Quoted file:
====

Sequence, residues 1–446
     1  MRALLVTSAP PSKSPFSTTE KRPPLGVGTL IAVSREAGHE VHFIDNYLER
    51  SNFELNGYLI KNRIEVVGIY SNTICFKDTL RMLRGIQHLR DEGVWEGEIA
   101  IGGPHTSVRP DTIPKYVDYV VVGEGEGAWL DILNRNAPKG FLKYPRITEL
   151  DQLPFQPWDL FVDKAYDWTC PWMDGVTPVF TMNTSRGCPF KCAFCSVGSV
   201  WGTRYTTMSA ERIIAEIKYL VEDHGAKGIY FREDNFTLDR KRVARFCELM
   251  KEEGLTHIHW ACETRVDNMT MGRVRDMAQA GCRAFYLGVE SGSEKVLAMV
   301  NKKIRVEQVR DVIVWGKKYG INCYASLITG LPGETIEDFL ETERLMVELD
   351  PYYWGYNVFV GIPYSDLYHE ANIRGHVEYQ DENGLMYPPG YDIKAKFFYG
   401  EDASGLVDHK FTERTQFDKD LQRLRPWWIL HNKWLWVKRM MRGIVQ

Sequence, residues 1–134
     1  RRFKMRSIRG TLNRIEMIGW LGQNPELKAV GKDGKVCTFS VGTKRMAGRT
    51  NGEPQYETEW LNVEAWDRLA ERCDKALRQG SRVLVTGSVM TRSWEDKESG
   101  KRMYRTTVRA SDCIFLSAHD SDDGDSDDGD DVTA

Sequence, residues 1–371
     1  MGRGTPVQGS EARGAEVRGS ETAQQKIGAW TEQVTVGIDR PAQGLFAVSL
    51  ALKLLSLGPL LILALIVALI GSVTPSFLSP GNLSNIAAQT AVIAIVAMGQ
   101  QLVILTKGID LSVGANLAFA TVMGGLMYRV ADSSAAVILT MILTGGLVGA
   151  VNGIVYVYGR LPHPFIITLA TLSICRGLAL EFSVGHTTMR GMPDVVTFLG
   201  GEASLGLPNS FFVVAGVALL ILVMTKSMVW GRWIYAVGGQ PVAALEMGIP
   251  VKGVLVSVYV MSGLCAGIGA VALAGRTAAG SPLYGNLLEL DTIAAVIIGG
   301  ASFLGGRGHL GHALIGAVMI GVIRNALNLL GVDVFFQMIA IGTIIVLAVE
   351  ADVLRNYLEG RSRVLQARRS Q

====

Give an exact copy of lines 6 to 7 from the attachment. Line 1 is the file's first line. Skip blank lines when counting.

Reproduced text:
   201  WGTRYTTMSA ERIIAEIKYL VEDHGAKGIY FREDNFTLDR KRVARFCELM
   251  KEEGLTHIHW ACETRVDNMT MGRVRDMAQA GCRAFYLGVE SGSEKVLAMV